If we just consider how we taught American history, we get an example. We taught the history of the United States without questioning the Manifest Destiny that gave us permission to march across a continent taking the land from those who lived on it, seeing them as less entitled than we. There were school trips, to a monument in St. Louis that celebrates that trek across the continent and to The Museum of the Westward Expansion where we tell the story of the American Indians and the 19th century pioneers who helped “shape the American West.” We did not teach about arrogance or greed. We taught about the attack on Pearl Harbor. But, did we ask them to wrestle with the internment camps for Japanese Americans and their loss of homes and freedom? We taught about Hiroshima and Nagasaki as the only way to end the Second World War without an examination of the consequences for the Japanese citizens, children and adults whose lives were forever changed by our action.

There are talented teachers who do extraordinary work to help their students understand history from multiple perspectives. However, we have a systemic need to see beyond the immediate and the vested. Our systems need to support and join their work. As a people, we need to make and support very hard decisions while not losing our humanity. That calls for empathy.

Our students can grow into adults who can bring something different to our legislatures, our businesses, our classrooms and families. The teaching of empathy is something we model. It is a consideration to be made in everything we do. The adults in a school have different roles but one purpose. Empathy arises from that understanding. Our success calls for interdependency. It is the same for students. The way we speak to students about their behavior, the way we speak and work with their parents, the way we write our handbooks and our behavioral expectations, the words we use and the thoughts we share, all contribute to lessons in empathy or the lack of it.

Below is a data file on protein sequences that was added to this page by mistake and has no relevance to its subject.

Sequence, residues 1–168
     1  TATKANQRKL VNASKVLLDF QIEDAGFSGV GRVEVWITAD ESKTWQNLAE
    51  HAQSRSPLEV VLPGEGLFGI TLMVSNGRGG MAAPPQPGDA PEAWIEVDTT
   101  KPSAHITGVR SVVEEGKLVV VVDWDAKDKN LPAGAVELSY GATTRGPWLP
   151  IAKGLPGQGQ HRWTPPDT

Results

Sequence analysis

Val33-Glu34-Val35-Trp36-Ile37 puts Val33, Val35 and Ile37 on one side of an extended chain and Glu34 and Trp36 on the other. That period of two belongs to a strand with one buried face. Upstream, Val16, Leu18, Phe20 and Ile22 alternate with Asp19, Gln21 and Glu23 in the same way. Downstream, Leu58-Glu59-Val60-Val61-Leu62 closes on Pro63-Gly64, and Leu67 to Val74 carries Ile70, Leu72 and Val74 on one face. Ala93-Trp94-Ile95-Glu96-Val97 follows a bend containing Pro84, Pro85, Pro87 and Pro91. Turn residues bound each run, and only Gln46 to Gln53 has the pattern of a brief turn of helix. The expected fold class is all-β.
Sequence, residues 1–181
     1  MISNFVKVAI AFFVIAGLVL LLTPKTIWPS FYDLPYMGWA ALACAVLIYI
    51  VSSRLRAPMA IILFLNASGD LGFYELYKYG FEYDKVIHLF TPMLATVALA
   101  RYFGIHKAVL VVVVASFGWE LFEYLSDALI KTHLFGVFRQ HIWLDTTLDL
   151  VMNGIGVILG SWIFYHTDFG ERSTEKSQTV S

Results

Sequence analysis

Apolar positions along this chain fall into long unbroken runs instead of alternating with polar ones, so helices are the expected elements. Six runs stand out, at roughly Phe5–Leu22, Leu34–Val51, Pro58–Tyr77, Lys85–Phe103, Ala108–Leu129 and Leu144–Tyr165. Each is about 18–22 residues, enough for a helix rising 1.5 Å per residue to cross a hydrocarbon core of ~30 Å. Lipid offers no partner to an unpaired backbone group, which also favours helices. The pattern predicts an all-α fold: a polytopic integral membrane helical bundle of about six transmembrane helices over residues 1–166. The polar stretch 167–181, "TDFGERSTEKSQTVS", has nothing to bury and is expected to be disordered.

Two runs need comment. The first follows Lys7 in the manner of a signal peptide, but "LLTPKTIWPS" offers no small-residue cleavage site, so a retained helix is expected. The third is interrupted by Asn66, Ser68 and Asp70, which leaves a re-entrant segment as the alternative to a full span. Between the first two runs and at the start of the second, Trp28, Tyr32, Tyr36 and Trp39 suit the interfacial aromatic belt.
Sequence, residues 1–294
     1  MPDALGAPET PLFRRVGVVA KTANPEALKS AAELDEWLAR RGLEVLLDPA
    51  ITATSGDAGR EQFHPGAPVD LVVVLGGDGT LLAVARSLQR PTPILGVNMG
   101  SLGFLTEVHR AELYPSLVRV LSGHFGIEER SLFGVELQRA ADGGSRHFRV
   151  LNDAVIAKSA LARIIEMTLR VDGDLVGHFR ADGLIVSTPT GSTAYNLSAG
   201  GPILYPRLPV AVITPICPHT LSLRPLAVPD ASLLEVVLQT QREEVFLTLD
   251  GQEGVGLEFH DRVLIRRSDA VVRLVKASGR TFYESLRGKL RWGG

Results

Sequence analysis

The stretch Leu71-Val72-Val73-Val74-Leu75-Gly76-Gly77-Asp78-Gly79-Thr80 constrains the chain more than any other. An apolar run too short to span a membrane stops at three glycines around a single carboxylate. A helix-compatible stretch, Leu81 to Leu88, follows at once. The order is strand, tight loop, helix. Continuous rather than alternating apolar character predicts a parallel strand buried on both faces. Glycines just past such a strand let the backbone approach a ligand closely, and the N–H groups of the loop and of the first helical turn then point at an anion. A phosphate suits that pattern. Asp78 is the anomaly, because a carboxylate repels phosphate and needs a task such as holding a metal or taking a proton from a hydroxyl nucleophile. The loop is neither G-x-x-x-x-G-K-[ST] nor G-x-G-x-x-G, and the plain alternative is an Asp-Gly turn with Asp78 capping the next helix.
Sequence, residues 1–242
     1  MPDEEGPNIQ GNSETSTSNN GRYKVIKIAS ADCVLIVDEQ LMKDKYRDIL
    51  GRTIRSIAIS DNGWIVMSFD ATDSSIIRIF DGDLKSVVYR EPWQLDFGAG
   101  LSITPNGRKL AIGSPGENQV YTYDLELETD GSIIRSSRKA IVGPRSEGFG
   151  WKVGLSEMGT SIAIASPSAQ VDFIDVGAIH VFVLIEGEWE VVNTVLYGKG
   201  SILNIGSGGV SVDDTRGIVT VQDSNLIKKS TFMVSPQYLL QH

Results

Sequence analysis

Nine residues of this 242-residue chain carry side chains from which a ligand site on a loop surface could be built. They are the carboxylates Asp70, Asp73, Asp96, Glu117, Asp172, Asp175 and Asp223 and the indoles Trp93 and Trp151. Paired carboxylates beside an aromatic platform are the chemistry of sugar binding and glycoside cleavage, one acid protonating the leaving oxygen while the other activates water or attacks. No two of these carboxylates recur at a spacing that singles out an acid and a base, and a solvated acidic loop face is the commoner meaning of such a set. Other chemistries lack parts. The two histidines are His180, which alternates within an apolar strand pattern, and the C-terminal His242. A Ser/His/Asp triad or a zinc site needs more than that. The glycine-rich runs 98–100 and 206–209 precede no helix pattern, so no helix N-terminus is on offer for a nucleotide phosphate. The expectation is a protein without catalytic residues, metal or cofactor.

The Internet gives us a tool in which to see other points of view. With a search ending with ".uk” for example, you are immediately transported into a world viewed from the perspective of the British - and find their version of the Revolutionary War or as it is referred to there, The American War of Independence. This technology provides us a dynamic method for providing different perspectives that otherwise were not as easily accessible. This change in how we think about how our curriculum is designed can be systemically profound. In order to accomplish this, we must touch every person in our schools. All of our thinking and actions will be affected. It is a huge undertaking, but one that is important to consider. It is a change, not ‘from away’ but one from within. It is a change that seems logical, and it rests in the hearts of educators. It fights no mandate. It invites no legislation. And if we do it, maybe our next generation will have received the education they need in order to create a better world.


See what Ann and Jill recommend for reading this summer at their BookMarks post.

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The opinions expressed in Leadership 360 are strictly those of the author(s) and do not reflect the opinions or endorsement of Editorial Projects in Education, or any of its publications.